Sons of Confederate Veterans Back in Extremist Hands, Many Leave Group
The Sons of Confederate Veterans back in extremist hands
By Heidi Beirich and Mark Potok
That wasn't all. Now that moderate voting power on the GEC had been undermined — technically, Sweeney hadn't suspended GEC members but instead had eliminated their ex officio positions in the SCV constitution — Sweeney led a move that same day to eject Hodges as SCV lieutenant commander. Sweeney replaced Hodges with an ally, Chris Sullivan, editor of neo-Confederate Southern Partisan.
Also stripped of their elected posts were key moderates including Thomas Tarry Beasley, commander of the Army of Tennessee (one of the SCV's three geographic divisions), Beasley deputy John French, and Beau Cantrell, commander of the Army of the Trans-Mississippi. Beasley and Cantrell lost their posts on the GEC as a result, leaving only staunch Sweeneyites on the governing board.
New elections to these posts are to be held at the SCV national convention this July in Nashville. Already, several hate group members have said they will run.
Sweeney's purged GEC also voted to negotiate a formal break with the MOSB. It removed Louisiana leader Ed Cailleteau and Beau Cantrell, whose GEC membership had just been stripped, as co-chairs of the July convention. At the same time, the GEC donated $10,000 in SCV funds to Lyons' law firm, the Southern Legal Resource Center (SLRC). The SLRC is tied tightly to the SCV radicals — a tie illustrated by the fact that Ron Wilson's daughter, Allison Schaum, has worked for SLRC for years. And Lyons has known Sweeney since the 1990s, when he helped him fight the removal of Confederate plaques from the Texas Supreme Court.
Tempers flared frequently during the day. Toward the end, ex-GEC member Beau Cantrell made a profane hand gesture after being taunted by Jim Pierce, a key SCV radical who has circulated racist caricatures of blacks and has taken lately to signing his E-mails "Uncle Remus." Another SCV member asked a deputy sheriff to arrest Cantrell, and he was taken in. He was later released without charges.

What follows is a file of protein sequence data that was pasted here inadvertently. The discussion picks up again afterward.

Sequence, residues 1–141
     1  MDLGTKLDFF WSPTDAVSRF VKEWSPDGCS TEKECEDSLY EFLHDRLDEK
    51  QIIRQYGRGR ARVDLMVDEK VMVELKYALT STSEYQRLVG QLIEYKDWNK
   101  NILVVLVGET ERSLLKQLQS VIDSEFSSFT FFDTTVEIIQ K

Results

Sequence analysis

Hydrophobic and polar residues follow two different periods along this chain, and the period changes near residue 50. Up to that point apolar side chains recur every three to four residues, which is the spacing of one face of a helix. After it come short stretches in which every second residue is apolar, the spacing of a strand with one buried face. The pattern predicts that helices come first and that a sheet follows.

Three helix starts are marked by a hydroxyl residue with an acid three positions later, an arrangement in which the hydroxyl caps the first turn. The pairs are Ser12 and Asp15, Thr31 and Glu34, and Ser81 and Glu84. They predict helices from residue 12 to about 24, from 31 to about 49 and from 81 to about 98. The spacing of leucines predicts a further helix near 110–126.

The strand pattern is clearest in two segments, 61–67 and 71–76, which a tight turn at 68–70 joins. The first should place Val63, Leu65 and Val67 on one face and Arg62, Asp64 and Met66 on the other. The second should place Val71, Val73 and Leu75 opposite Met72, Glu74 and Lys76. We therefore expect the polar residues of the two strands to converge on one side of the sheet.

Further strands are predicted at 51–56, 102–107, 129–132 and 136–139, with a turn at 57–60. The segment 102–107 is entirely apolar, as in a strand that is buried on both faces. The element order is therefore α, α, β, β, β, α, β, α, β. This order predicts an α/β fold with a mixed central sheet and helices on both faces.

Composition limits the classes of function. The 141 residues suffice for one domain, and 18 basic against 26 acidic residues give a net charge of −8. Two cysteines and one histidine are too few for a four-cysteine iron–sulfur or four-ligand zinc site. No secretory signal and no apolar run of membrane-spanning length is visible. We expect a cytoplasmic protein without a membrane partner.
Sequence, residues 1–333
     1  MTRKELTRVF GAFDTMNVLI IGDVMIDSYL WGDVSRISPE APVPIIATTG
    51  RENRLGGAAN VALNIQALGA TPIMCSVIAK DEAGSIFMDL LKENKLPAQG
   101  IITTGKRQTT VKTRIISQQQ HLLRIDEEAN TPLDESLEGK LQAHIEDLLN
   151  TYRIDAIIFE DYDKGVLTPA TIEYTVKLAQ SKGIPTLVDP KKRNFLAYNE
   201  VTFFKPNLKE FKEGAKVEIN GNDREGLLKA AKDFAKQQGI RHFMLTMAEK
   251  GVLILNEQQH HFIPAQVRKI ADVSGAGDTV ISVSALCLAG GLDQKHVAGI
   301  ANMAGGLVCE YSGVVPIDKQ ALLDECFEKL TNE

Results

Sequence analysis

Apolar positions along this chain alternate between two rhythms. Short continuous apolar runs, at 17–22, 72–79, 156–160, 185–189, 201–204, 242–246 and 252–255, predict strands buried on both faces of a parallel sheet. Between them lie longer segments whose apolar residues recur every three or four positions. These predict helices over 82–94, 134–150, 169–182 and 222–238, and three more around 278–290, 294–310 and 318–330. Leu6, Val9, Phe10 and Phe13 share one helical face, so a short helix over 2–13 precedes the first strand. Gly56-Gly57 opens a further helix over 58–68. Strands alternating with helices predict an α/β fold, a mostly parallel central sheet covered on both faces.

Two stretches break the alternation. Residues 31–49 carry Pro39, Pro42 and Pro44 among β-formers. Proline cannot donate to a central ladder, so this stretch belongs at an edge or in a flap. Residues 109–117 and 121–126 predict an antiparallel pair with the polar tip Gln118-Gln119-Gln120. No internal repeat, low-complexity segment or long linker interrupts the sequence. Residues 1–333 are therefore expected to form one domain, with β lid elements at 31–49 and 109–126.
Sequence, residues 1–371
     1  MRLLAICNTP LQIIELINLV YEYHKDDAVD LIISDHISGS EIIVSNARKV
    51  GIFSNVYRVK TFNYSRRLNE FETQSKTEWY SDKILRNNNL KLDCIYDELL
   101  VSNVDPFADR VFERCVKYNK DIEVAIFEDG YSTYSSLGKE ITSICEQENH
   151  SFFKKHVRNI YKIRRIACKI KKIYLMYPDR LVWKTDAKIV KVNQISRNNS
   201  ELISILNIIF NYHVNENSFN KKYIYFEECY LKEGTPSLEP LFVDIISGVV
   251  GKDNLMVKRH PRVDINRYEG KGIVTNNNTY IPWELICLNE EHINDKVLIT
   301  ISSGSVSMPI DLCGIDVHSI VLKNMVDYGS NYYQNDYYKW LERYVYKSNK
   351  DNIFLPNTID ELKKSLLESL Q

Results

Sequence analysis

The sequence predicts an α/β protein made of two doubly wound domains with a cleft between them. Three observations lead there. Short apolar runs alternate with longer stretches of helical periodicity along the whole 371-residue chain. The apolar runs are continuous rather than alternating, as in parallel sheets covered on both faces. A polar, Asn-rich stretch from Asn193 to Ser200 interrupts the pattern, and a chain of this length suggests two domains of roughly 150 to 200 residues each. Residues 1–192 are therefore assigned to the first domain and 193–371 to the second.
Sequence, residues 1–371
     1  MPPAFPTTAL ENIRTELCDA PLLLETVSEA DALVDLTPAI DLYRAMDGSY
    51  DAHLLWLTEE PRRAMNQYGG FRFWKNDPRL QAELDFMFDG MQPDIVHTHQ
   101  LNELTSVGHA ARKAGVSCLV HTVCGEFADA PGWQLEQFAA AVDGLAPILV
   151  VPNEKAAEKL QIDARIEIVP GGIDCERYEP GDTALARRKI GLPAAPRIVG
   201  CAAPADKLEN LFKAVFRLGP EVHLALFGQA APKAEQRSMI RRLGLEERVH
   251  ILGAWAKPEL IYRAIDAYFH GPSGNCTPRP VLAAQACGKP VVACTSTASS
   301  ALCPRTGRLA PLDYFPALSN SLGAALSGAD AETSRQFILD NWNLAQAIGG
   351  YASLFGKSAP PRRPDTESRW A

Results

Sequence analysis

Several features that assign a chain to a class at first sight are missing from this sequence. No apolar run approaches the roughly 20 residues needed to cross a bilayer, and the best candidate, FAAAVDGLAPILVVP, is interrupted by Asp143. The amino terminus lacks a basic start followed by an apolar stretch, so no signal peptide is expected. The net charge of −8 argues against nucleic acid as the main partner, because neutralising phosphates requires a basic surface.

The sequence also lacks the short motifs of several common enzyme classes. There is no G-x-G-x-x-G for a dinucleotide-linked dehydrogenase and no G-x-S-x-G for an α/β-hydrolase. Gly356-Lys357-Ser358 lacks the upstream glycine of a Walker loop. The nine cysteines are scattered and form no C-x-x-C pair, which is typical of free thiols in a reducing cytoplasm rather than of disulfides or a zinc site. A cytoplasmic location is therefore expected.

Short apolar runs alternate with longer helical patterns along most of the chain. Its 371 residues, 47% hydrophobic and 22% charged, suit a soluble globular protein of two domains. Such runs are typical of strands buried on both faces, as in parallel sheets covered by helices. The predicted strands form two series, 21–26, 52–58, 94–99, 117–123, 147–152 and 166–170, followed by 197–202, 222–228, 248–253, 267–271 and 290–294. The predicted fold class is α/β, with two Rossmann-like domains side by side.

The events of April 23 left moderates throughout the SCV furious, and key leaders denounced what they saw as Sweeney's devious tactics. "In the Missouri division," state commander John Christensen wrote in an e-mail addressed to Sweeney, "we believe we can disagree on an issue without being vile. ... We believe that with free speech and assembly, discussion affords protection against the spread of noxious doctrine. ... The personal vendettas, purges, recriminations and rancor sown by your administration are not good for any organization and may become the seeds of destruction for our beloved Sons of Confederate Veterans."
The battle within the SCV has already cost the organization — which recently had some 36,000 members — "several thousand members," according to Faggert's affidavit. Many have started new groups, including several "Robert E. Lee societies" in North Carolina, that are meant to be non-racist history clubs. In April, a new group called the United Sons of Confederate Veterans also was chartered by Robert Murphree in Mississippi. In the weeks that followed, it appeared that John French — one of those stripped of their elected SCV posts — was taking a leadership role.
French had a warning for those who remain behind, saying in a farewell message that they "will awaken one morning to [find] nothing left of the SCV. All assets will be gone and the once proud organization left to rot." French signed his e-mail, "Mississippi Commander, United Sons of Confederate Veterans."